Aberdeen Asset Management’s top picks
Aberdeen Asset Management, one of the largest asset managers invested in emerging markets, is bullish on:
- Latin America: Argentina and Brazil’s local currency bonds
- Africa: Ghana’s local currency bonds
Argentina- local currency bonds
Last year, Aberdeen’s big bet on Argentina (ARGT) yielded well for the fund. Following the December 2015 currency adjustment and the high yields on offer (close to 30%), Aberdeen Asset Management decided to take a position to capitalize on the economy’s prospects. One year later and the potential still shines bright for this emerging market (EEM) (VWO) economy. Kevin Daly, the emerging markets debt manager at Aberdeen, believes that inflation would remain high in Argentina for a short period, but would eventually come down.
Recently, we saw Argentina’s local currency bonds being added to the JP Morgan local currency bond index, the JBI universe which serves as a benchmark index to about $200 billion in assets. Yields today on these bonds are already down to a 14.5% – 16% range. However, Daly still sees potential for addition gains from the position, although it may not be as robust as last year. Inflation is still expected to close 2017 at 20%, with the government’s target set around 12-17%. So, it may take a while for the inflation rate in Argentina to converge to single digits (8-10% area). So, as an investor, you may have to wait to reap gains from these local currency bonds.
Aberdeen’s view on these bonds remains bullish under the belief that they offer certain value to investors who are willing to take a longer-term view.
Brazil- local currency bonds
Despite the impeachment of Dilma Rousseff, and corruption charges against former president Luiz Inácio Lula da Silva, Brazil (EWZ) was one of the best performers in the currency and other markets last year.
Brazil is another big bet in Aberdeen’s investment portfolio. Yields on Brazilian local currency government bonds are still amongst the highest in emerging markets. Right now it’s about 11.3% on a 10-year benchmark bond. Inflation expectations are expected to converge to about 5% by year-end. Last year was slow in terms of rate cuts in Brazil (just two small ones). The economy is improving but still showing no growth. But now, since the economy continues to decline and growth expectations are roughly zero, Aberdeen expects the central bank to cut rates aggressively this year. Yields on this 10-year benchmark bond could drop below 9.5 or 9%. This highlights a strong opportunity in local currency bonds in Brazil.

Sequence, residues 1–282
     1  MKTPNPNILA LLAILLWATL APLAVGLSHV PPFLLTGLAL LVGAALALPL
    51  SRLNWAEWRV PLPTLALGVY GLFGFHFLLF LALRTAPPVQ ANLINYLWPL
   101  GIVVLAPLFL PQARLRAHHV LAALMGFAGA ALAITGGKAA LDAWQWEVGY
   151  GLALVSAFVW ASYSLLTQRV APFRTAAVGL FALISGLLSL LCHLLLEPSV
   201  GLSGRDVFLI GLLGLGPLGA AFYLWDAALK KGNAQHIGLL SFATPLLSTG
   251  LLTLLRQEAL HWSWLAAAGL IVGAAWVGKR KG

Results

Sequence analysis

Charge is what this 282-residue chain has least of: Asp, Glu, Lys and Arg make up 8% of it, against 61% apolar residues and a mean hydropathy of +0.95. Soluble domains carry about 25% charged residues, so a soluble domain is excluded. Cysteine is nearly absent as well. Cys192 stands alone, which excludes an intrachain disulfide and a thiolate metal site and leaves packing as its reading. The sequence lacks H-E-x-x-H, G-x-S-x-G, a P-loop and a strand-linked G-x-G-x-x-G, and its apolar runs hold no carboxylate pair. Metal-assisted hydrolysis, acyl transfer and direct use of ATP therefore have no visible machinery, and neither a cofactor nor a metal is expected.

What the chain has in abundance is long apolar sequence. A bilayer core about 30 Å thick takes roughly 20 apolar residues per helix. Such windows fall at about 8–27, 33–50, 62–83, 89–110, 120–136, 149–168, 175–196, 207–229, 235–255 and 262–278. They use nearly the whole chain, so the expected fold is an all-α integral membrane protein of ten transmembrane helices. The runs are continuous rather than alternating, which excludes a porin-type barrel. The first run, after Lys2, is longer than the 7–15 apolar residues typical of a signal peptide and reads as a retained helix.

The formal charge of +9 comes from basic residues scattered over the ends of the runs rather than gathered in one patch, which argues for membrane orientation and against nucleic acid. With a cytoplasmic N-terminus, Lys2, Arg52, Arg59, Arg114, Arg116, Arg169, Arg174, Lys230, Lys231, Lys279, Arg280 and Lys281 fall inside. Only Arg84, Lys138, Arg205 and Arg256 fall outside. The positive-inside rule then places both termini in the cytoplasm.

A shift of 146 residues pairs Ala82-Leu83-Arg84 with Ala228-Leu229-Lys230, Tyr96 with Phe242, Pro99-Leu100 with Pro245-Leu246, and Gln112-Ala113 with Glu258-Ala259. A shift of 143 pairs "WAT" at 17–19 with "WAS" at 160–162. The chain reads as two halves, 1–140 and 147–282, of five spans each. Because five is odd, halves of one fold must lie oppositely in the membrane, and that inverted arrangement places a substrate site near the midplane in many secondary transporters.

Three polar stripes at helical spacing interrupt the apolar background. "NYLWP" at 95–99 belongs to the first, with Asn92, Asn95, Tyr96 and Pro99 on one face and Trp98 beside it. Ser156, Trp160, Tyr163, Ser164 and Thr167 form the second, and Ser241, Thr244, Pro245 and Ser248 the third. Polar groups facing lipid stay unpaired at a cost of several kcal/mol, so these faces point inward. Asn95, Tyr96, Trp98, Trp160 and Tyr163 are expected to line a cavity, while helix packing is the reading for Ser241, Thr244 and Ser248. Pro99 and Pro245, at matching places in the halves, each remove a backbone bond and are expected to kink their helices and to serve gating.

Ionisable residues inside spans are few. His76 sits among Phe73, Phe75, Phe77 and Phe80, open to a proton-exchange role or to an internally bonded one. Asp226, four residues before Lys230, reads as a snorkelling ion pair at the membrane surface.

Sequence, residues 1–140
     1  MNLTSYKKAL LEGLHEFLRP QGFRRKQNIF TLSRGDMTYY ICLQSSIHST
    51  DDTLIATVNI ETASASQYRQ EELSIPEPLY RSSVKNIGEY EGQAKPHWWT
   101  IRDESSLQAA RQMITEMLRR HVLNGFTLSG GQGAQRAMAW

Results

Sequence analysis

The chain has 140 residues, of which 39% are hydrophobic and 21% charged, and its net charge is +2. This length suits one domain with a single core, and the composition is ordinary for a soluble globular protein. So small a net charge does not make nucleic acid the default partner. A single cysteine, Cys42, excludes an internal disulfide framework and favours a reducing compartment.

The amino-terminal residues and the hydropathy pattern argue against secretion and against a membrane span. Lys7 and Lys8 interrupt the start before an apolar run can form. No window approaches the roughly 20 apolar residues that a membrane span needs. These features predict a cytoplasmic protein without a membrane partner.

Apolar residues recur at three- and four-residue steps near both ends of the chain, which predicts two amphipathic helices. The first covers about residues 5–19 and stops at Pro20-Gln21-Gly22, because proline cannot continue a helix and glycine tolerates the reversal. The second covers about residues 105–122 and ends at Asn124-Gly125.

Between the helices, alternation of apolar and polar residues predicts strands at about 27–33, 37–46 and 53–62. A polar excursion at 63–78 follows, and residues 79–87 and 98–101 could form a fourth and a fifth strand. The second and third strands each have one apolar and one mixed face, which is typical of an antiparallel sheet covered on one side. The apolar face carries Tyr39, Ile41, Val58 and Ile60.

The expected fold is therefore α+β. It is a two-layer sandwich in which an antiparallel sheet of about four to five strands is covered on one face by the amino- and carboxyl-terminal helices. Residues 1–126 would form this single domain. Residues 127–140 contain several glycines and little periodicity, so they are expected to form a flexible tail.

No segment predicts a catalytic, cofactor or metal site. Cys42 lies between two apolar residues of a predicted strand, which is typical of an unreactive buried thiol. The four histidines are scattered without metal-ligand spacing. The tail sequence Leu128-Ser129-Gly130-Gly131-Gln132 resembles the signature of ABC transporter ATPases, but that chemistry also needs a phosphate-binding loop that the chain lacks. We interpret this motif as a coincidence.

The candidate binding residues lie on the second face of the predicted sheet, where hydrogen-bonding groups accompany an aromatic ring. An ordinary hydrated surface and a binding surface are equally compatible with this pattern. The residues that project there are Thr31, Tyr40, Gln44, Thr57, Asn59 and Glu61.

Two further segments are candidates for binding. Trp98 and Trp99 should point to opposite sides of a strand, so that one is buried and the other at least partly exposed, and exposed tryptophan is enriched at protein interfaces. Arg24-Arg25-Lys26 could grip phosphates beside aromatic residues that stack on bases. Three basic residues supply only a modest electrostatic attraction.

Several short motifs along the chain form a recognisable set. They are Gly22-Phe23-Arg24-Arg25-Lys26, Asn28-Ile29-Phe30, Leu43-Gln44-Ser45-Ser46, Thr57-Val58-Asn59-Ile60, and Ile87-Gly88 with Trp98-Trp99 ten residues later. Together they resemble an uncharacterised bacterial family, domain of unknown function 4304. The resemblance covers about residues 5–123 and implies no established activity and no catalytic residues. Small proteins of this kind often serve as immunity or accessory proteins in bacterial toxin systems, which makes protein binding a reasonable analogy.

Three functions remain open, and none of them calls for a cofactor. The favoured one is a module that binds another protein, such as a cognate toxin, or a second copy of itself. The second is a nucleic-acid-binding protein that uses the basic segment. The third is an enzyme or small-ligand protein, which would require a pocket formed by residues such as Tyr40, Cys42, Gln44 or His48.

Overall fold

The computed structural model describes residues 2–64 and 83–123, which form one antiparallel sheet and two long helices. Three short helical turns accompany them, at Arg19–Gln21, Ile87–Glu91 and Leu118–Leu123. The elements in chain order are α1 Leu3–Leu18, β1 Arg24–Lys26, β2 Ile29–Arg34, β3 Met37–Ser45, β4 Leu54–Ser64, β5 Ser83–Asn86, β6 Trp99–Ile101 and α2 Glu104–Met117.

The current account deficit is going to be somewhere around 1-1.5%, as Brazil is more than fully covered by FDI (two times), so financing the current account is not an issue in Brazil. The currency is likely to remain pretty stable, while yields on local currency bonds are likely to rise over the course of the year.
We should also see debt stabilizing now in Brazil at around an 80-85% debt-to-GDP ratio . Over the past two years, recessionary conditions have led to a rise in the debt-to-GDP ratio for the economy.
Due to Nigeria’s forex restrictions imposed by its President, Muhammadu Buhari, the economy was a poor performing market in 2016. Ghana (EZA), however, holds better prospects after a smooth election and the transfer of power to President Nana Addo Dankwa Akufo-Addo.
According to Daly, Ghana did very well in 2016 and should continue to do so in 2017.
The leading points that Daly made in favor of Ghana, are:
- According to Daly, investing in Ghana implies you’re getting paid to take the risk. With local currency bond yields at 18-19%, investors are adequately compensated for the risk they bear by investing in this frontier market.
- The new government, under the leadership of President Nana Addo Dankwa Akufo-Addo, seems more prudent on the fiscal side.
- Inflation is expected to fall in the light of anticipated interest rate cuts
- Oil production is expected to pick up soon